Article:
I actually carried  Remington-pattern Derringer as a last-ditch back-up on duty. It was a Davis D32 .32 ACP derringer, and it rode in my right-front pants pocket. It cost me $69.99 brand new, had a cast zinc-alloy frame with steel barrel-liners. The upper barrel shot six-inches high/right at a somewhat optimistic seven yards, and the lower barrel shot a foot low and left. I eventually got to where I could put two hits center-mass (by knowing which barrel was going to fire and aiming accordingly) pretty promptly at that range. Shortly thereafter the gun started to experience light primer hits and became unreliable; putting several hundred rounds through it had stretched the frame. Arguably this is my fault; the gun is meant as a contact-distance self-defense weapon. Had I not actually tried to develop some sort of proficiency with it it could have served in that role indefinitely.

That’s what derringers as a class are really all about: extremely up-close and personal self-defense. If we disregard the cheap, unreliable guns as novelties or range-toys we’re left with some pretty expensive guns with grave limitations.  The $500 entry price (and they go way up from there) gets you a relatively large, relatively heavy gun that can be difficult to manipulate, inaccurate beyond point-blank range and only holds two shots. Like the original Deringer they can be two very potent shots, but still.

For that kind of money you can get a compact automatic in .32 ACP or .380 ACP that is easier to use and gives you three times as many shots. With modern ammunition those will be be pretty good at the point-blank self-defense role. They will also reload faster and put subsequent shots into at least the same postal-code.  In a rational world the derringer would have been left behind in the 19th century. So why are they still so popular? Because people’s decisions about firearms are not always rational. Derringers are cool, and for a lot of people that is reason enough. They don’t need to be the best possible solution because they are fun.

Then too the fact that there may be better options does not mean that they won’t do the job. With modern cartridges they will do the job better than the originals; even a .22 Magnum is going to be more effective than the .41 Rimfire. Ballistic tests have repeatedly shown that while they probably won’t expand they will penetrate deep enough to kill even from a very short barrel. Derringers are available in pretty much any service-caliber (though you might be out of luck in .357 Sig) so you can match it to the caliber of your main carry weapon.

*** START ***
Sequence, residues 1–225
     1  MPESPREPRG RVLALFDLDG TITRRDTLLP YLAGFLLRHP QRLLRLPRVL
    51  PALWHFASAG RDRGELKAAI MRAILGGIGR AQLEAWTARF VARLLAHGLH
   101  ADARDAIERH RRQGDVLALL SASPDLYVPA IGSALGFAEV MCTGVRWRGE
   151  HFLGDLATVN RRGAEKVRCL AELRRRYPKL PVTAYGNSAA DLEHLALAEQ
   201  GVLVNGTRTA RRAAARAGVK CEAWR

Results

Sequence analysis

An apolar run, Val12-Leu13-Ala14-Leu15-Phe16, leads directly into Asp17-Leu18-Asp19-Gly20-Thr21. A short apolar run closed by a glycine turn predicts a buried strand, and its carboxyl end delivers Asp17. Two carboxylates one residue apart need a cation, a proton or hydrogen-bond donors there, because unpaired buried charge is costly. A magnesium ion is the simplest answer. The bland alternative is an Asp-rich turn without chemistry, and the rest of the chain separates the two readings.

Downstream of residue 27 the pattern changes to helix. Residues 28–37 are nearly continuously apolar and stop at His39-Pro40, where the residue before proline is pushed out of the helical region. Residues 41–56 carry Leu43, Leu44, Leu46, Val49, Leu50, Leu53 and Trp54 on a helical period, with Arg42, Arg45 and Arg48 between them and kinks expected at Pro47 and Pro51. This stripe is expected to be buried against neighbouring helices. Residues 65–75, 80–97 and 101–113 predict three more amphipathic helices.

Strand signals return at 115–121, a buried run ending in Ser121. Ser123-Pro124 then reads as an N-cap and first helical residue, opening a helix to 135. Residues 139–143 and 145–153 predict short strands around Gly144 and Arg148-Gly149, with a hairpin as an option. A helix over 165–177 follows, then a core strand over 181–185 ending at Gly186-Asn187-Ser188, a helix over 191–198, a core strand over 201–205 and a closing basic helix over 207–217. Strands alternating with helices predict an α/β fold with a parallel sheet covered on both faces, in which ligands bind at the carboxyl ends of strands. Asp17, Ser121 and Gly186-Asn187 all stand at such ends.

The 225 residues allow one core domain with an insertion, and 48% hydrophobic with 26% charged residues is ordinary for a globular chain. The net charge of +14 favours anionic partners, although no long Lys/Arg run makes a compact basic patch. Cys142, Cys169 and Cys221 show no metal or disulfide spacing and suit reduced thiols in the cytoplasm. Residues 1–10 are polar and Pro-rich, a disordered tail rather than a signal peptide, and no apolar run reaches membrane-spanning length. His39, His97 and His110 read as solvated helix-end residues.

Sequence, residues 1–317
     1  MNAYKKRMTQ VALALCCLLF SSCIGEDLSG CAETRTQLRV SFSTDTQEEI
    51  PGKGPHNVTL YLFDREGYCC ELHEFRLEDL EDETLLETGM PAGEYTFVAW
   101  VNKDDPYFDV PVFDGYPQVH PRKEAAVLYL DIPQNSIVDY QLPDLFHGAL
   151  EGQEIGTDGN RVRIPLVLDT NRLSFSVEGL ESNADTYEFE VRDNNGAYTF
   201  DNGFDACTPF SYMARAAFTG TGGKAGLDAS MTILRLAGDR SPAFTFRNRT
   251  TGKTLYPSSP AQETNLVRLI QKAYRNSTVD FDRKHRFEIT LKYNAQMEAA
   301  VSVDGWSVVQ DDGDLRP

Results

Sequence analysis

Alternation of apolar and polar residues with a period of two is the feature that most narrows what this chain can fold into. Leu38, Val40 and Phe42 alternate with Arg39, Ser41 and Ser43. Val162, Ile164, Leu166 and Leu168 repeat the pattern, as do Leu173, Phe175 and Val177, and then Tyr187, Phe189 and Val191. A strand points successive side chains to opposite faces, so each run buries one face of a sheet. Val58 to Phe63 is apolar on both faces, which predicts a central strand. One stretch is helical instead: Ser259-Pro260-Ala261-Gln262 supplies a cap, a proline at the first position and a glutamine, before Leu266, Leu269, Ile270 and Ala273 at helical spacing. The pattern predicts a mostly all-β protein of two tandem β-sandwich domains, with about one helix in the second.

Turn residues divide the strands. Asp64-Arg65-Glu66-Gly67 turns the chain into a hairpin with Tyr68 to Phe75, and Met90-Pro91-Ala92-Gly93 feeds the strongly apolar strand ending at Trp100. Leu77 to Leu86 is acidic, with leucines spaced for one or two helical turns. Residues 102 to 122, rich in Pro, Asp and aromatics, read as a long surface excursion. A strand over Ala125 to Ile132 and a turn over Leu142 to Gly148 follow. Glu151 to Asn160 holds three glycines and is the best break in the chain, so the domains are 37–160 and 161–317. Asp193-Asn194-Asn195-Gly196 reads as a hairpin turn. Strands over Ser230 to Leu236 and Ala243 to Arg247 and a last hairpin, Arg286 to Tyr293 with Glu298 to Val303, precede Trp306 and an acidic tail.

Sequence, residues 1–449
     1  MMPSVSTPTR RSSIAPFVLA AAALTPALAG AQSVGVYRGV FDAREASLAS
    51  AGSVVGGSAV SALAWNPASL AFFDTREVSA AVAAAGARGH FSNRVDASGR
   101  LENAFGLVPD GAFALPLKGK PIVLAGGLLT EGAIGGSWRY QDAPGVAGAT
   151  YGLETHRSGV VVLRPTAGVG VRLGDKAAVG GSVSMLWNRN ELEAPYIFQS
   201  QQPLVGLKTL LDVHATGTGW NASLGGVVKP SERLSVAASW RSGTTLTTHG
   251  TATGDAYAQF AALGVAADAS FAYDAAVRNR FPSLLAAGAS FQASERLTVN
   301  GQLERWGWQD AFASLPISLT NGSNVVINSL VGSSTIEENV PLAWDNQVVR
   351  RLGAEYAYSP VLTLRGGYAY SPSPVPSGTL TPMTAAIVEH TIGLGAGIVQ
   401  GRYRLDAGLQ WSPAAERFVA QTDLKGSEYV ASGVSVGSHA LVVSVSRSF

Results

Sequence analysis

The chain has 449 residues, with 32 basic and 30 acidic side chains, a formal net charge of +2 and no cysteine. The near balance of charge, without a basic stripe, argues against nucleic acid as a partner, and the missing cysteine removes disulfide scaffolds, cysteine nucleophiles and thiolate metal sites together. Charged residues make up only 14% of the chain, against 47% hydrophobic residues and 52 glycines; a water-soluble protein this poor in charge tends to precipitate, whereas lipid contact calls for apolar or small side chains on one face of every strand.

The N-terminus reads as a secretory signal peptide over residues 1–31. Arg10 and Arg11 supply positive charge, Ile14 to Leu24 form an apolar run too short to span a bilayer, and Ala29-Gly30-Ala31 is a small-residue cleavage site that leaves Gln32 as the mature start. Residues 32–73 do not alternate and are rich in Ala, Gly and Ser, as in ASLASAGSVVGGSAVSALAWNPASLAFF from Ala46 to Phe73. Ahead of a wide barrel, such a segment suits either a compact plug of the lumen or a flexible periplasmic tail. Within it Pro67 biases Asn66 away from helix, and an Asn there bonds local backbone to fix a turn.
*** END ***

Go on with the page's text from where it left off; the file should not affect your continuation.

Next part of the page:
Of course there are exceptions to every rule (or opinion!) I was recently at a gun store with a person buying their first pistol. I told him, “You do not want a derringer- but if you get one it should be one of these.” The gun I pointed at was a High Standard .22 Magnum.


These little guns were made for decades in .22 LR and .22 Magnum. There are quite compact, very flat and- most importantly- are double-action. Just grab-and-fire. The established method for using them is to lay your index finger along the side of the barrel and pull the trigger with your middle finger. Literally point-and-shoot. I found that even with very little training I could easily put two shots into the center of a target at two yards in under a second. While .22 Magnum might not be anyone’s ‘first-best’ choice for a self-defense cartridge taking a couple of them in the face is going to be pretty discouraging.

Another advantage is that the way the firing mechanism is designed they are one of the only rimfire guns that can safely be dry-fired, which is very useful for training. Price-wise they are the exception to the rule; neither very cheap or very expensive. Though currently not being made they tend to be available for around $300-$350, and they work well and are reliable. A local shop currently has several on-hand, and if I had the disposable income I would pick one up. Because, you know, derringers are cool.